UGE’s Investment Programme to Aid Uzbekistan’s Decarbonisation
Tashkent, Uzbekistan (UzDaily.com) -- Uzbekhydroenergo JSC’s (UGE; BB-/Stable) extensive investment programme, alongside a wider shift to renewables, should help rebalance Uzbekistan’s electricity generation capacity mix, decreasing fuel-fired generation to less than 75% by 2030, Fitch Rating says.
The Uzbek power sector depends heavily on the domestic gas and oil industry, as about 90% of the country’s electricity generation capacity is based on hydrocarbons (mainly natural gas and coal), with the remaining 10% coming from hydropower. The government is striving to increase the share of other energy sources by decreasing the number of gas-fired thermal plants, which should reduce the environmental impact of the power industry. The government is actively attracting foreign international investments to satisfy increased investment needs in order to fulfil these obligations.
The regulator is also considering further tariff indexation mechanisms, to address the problem of asset depreciation and reduce the dependence on natural gas. This could also support UGE’s financial profile. However, we expect UGE’s implementation of its aggressive investment programme, which will be largely funded by debt, to lead to a material deterioration in UGE’s credit metrics, with funds from operations gross leverage deteriorating to slightly below 5.0x on average in 2021-2024 (2.9x in 2020).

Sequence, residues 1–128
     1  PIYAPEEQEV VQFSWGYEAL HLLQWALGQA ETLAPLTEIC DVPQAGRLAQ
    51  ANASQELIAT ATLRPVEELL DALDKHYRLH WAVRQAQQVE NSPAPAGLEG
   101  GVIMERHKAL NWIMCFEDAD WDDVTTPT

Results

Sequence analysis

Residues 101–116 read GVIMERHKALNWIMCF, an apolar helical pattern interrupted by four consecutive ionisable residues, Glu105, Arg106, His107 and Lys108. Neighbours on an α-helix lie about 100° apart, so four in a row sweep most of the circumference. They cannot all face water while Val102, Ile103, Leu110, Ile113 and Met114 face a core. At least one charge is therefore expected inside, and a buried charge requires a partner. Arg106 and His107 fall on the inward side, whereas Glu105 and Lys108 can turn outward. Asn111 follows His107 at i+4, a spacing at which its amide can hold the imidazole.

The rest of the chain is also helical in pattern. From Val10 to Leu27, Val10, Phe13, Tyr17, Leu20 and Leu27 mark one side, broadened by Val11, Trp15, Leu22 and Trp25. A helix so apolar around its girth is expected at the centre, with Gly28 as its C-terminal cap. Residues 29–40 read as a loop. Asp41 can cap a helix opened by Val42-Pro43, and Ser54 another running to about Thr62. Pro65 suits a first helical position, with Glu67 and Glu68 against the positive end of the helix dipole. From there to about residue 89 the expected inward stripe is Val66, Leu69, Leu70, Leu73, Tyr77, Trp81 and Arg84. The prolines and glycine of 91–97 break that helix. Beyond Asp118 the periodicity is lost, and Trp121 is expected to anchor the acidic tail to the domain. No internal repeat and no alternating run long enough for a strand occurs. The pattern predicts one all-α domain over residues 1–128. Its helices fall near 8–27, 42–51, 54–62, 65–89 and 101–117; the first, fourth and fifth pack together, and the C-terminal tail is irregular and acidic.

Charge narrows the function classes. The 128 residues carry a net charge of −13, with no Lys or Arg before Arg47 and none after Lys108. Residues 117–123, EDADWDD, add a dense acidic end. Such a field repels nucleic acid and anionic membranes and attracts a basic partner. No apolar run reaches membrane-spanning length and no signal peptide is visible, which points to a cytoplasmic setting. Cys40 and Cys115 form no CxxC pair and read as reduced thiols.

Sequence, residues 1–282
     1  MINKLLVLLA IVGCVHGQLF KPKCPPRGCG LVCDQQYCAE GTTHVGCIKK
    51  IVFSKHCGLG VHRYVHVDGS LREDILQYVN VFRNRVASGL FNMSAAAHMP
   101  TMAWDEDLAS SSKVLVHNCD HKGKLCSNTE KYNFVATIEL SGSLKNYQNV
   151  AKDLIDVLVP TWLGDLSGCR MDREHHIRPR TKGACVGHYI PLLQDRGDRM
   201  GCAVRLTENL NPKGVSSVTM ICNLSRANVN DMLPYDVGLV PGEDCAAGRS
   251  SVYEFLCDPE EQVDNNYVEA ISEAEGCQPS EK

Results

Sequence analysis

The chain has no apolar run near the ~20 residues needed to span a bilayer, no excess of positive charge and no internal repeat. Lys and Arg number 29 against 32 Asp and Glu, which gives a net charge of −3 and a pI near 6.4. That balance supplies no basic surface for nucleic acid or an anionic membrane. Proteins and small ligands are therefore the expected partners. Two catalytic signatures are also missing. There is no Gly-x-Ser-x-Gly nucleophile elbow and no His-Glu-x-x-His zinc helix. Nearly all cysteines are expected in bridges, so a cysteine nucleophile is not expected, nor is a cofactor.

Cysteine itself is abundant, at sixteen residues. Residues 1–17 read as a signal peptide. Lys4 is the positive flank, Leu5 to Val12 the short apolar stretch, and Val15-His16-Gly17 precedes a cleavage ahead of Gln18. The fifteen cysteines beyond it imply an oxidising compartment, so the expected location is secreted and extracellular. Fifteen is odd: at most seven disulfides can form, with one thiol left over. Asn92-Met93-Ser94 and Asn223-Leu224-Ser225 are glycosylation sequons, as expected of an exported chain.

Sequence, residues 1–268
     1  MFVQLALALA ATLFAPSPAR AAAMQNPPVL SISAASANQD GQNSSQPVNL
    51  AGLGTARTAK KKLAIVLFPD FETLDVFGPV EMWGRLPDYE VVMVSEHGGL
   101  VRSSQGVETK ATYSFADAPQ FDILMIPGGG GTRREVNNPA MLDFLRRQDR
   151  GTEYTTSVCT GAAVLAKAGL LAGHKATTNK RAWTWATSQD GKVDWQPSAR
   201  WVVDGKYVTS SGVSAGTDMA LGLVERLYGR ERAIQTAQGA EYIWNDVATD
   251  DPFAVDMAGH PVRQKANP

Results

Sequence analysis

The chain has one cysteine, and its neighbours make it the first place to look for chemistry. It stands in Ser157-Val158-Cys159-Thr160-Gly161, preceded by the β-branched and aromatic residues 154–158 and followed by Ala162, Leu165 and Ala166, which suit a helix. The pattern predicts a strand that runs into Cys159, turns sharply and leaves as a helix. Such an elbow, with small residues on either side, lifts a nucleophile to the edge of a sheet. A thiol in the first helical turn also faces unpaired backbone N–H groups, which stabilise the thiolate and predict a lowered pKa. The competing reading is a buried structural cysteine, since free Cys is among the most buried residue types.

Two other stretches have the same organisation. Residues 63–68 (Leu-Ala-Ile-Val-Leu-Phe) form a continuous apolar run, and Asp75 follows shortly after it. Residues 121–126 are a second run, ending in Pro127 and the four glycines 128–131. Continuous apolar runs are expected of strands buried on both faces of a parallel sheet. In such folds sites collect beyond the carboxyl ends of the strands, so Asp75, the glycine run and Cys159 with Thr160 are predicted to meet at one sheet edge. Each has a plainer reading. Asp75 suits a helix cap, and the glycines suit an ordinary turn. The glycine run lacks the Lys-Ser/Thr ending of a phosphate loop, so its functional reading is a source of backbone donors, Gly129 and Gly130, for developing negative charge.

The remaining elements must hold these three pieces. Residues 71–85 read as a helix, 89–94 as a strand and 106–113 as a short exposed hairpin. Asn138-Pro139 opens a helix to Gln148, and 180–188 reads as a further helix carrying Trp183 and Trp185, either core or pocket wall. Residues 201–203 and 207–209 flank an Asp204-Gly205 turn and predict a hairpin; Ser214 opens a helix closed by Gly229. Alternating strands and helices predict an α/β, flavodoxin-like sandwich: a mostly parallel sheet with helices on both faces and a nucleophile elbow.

The rating agency expects that the government will continue to provide guarantees for the construction of UGE’s large hydro power plants (HPPs), including the Pskemskaya (400MW) and Mullalakskaya (150MW) HPPs, to be commissioned in 2025-2026, which will result in the share of state-guaranteed debt remaining above 90% in 2021-2026.
Fitch upgraded UGE to ‘BB-’ from ‘B+’ in October following the state’s continued support of the company in the form of guarantees for all company debt, as well as and the fact that the company has no plans to place non-guaranteed Eurobonds in the near future.